Anti-choice legislators in four states — Arkansas, Florida, South Carolina, and South Dakota — have already stated they will follow Texas's lead. They're planning on introducing bills that will mirror both the restrictive nature of Texas's law — a ban on abortion at six weeks — and the unique enforcement mechanism, which allows any citizen to sue someone who aids or abets an abortion. Several other states, including Nebraska, Kentucky, Louisiana, Oklahoma, and Ohio, will likely be considering similar laws.

In Florida, Ron DeSantis, the anti-abortion GOP governor, said his state would "look more significantly" at the Texas law and that he found it "interesting." In South Carolina, Larry Grooms, a GOP state senator, said the state would "move to pass legislation that would mirror what Texas did."

Jason Rapert, a GOP state senator in Arkansas who is mounting a lieutenant governor bid in that state for 2022, immediately posted a model bill from his organization, the National Organization of Christian Lawmakers. Rapert has stated he will file a Texas-style bill in his state immediately.

Rapert's Twitter feed makes clear that some legislators pushing bills that functionally outlaw abortion no longer feel tethered to whether those bills are good law under existing Supreme Court precedent. Instead, Rapert tweets about how the left has an "unrelenting demand for the innocent sacrifices of unborn children" and repeatedly refers to abortion as a "demonic force."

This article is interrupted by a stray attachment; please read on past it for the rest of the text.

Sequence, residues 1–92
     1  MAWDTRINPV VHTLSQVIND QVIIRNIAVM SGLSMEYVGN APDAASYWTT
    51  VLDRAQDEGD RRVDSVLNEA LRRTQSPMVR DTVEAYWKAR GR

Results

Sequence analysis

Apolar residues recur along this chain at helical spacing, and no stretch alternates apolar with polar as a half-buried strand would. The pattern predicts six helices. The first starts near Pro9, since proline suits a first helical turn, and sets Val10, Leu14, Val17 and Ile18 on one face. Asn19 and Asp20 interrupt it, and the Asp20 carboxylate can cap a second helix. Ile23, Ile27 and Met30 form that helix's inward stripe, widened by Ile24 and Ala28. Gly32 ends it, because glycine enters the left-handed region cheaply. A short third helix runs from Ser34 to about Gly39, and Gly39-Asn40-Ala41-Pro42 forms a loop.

One day after the Texas law took effect, GOP Gov. Kristi Noem of South Dakota tweeted her office would "immediately review the new TX law and current South Dakota laws to make sure we have the strongest pro-life laws on the books in SD."

Noem's tweet is emblematic of the approach being taken by many abortion-hostile states. There's no discussion of what the voters might want. There's no belief that the existing restrictive laws might be enough — even in a state like South Dakota with only one clinic that offers abortions only twice per month. Rather, there's a rush toward imitating the Texas law simply because it is the most restrictive that has yet succeeded.

The states that have announced their intentions to replicate the law so swiftly may be taken by the notion that since the Texas law offloads enforcement from the state to private citizens, it insulates the state from lawsuits. States likeSouth Carolina and Arkansas just saw courts block their highly restrictive abortion laws. However, if they took those laws and "piggybacked" the Texas enforcement scheme onto them, a court might have to let the law stand, given that the Supreme Court did so in Texas.